Chris van Tulleken meets The Lothian Birth Cohort
In October 2015, BBC presenter Chris van Tullekan visited Edinburgh to meet the Lothian Birth Cohort 1936 (LBC1936). The LBC1936 have been taking part in this study of brain ageing since the age of 70, and at the time of filming were 79 years old. Chris van Tulleken met with the LBC1936 as part of the BBC mini-series ‘How to Stay Young’. In this video Chris van Tulleken and Ms Jean McKirdy, an LBC1936 member, are interviewed about the project.
An information goldmine
This wealth of information collected from the LBC1936 participants is entered into a database. It’s then analysed in myriad ways by Professor Deary’s team and other collaborating researchers to find out how well or otherwise our thinking skills and our brains change with age, and what factors are involved.
Brain white matter matters
The brain's white matter is the wiring network that enables thinking by connecting up brain cells in different parts of the brain. The Disconnected Mind project has found that the health of white mater and thinking skills are linked. The better the white matter, the sharper we tend to be in later life. Research is now looking at what protects white matter from age-related wear and tear.
Physical activity is good for thinking skills
LBC1936 members who are more physically active and fitter have better thinking skills and better integrity in their white matter.
Smoking is associated with damage to the grey matter in the brain but there are signs of recovery in people who have quit.
Read more about white matter and grey matter and the other factors that affect our thinking skills, and what we can do to help protect them.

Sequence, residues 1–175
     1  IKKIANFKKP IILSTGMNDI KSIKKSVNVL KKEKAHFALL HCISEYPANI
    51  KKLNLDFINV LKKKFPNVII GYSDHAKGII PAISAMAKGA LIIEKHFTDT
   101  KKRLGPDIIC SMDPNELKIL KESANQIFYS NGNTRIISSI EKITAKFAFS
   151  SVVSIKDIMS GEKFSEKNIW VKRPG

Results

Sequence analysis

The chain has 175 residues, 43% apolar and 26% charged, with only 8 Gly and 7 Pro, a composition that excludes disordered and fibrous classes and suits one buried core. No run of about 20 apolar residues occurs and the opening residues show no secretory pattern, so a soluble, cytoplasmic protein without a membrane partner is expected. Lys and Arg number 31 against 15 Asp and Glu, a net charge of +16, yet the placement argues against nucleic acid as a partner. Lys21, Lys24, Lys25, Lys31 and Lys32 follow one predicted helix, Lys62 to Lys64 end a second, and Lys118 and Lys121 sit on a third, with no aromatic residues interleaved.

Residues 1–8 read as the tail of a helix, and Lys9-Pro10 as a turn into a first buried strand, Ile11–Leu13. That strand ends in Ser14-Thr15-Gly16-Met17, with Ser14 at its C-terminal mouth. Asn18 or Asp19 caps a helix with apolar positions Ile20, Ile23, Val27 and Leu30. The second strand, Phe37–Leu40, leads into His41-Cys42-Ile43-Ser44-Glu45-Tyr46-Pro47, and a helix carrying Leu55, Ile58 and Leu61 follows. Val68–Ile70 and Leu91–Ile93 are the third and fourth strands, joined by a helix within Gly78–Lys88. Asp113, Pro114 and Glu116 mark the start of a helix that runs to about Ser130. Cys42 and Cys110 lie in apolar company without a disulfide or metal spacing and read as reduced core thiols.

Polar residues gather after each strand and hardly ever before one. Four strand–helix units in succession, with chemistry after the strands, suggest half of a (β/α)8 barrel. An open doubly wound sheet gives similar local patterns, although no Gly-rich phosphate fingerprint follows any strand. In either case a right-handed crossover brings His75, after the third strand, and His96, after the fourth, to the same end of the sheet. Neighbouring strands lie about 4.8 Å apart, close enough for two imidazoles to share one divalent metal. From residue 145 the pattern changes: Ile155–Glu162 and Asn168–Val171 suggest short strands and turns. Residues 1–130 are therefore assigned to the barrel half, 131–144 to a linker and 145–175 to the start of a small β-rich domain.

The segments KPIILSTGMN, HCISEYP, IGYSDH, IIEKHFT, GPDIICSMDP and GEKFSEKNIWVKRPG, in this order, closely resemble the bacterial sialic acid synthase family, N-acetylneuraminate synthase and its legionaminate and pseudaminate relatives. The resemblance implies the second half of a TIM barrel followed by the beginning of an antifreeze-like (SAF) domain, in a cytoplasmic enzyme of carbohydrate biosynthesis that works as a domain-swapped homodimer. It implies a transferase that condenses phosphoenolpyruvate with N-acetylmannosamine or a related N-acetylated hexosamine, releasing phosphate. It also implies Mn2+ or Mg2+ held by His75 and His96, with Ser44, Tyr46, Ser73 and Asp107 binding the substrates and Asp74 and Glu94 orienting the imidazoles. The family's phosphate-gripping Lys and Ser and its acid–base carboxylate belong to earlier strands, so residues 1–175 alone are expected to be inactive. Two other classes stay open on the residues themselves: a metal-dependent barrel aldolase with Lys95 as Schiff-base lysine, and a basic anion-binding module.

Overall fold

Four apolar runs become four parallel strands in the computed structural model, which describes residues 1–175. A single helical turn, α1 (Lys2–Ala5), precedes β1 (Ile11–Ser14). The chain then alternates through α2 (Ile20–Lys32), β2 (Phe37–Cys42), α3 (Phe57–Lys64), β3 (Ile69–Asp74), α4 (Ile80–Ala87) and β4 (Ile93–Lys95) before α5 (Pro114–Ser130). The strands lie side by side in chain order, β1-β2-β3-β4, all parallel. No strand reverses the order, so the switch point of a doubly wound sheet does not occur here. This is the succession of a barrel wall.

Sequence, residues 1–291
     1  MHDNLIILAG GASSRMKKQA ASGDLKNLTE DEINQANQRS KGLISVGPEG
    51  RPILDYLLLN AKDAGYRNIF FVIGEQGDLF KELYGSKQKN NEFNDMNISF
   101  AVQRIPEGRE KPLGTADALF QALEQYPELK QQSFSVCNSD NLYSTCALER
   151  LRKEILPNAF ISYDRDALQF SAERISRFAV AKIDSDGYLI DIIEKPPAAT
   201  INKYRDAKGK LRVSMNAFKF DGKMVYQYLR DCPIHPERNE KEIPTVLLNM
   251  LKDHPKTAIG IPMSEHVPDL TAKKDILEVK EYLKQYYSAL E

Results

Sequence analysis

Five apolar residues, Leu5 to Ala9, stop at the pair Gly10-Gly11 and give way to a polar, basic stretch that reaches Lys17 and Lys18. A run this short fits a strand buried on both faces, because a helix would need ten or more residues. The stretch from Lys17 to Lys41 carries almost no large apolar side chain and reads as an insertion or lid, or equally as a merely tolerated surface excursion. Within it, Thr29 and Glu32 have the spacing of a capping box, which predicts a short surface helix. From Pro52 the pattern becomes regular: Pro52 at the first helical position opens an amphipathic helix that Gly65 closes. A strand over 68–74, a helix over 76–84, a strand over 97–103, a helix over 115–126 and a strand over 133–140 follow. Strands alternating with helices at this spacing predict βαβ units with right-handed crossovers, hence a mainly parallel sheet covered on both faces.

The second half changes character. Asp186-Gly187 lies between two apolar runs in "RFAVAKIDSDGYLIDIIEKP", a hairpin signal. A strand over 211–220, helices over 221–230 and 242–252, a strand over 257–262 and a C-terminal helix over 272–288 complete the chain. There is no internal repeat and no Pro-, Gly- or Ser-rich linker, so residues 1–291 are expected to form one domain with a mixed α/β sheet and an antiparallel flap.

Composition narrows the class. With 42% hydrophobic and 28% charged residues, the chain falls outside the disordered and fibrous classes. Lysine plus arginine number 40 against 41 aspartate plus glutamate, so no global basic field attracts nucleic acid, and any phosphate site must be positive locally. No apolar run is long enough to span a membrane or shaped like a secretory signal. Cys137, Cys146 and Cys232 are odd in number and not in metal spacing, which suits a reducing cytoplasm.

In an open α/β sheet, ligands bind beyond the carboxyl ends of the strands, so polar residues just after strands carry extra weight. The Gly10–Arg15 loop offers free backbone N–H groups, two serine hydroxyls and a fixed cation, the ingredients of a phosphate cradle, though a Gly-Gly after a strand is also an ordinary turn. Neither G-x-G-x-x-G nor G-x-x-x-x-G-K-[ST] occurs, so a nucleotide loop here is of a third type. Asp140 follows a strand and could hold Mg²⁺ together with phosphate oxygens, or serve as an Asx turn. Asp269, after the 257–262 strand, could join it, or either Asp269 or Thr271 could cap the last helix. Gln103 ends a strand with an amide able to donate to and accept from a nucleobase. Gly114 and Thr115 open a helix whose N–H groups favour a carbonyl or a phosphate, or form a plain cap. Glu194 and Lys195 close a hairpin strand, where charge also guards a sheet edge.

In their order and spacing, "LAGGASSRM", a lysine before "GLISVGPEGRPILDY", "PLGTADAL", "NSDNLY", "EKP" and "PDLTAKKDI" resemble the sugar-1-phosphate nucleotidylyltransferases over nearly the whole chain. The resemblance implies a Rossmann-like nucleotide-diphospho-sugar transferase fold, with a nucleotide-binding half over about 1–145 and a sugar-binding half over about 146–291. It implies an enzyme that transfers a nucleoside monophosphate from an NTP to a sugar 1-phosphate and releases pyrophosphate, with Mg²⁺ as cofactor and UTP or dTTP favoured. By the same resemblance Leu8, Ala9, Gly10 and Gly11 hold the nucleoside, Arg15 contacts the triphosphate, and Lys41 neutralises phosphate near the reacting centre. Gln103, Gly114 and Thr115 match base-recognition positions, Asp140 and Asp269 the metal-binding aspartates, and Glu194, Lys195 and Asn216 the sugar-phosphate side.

The LBC1936 becomes famous
The Disconnected Mind project has inspired writers and artists to use their creative talents to tell the story of the LBC1936 and the secrets about healthy cognitive ageing that the research is revealing.
Portrait of Mr Easton, an LBC1936 participant, by Scottish artist, Fionna Carlisle.
LBC Lifetimes: Lifetimes of the Lothian Birth Cohorts 1921 & 1936 tells the story of people involved in the research, written by writer and broadcaster Ann Lingard (University of Edinburgh CCACE, 2014).
- Deary, I. J., Gow, A. J., Taylor, M. D., Corley, J., Brett, C., Wilson, V., & Starr, J. M. (2007). The Lothian Birth Cohort 1936: a study to examine influences on cognitive ageing from age 11 to age 70 and beyond. BMC Geriatrics, 7, 28.
- Deary, I. J., Gow, A. J., Pattie, A., & Starr, J. M. (2012). Cohort profile: The Lothian Birth Cohorts of 1921 and 1936. International Journal of Epidemiology, 41, 1576-1584.
- Lothian Birth Cohorts website
The University of Edinburgh’s Centre for Cognitive Ageing and Cognitive Epidemiology (CCACE) is home to The Disconnected Mind project and studies with the Lothian Birth Cohorts of 1936 and 1921.
CCACE is a centre of excellence in research on how ageing affects thinking skills (cognitive ageing) and how mental ability in youth affects health and longevity (cognitive epidemiology). CCACE is funded by the Medical Research Council (MRC), the Biotechnology and Biological Sciences Research Council (BBSRC), and the University of Edinburgh.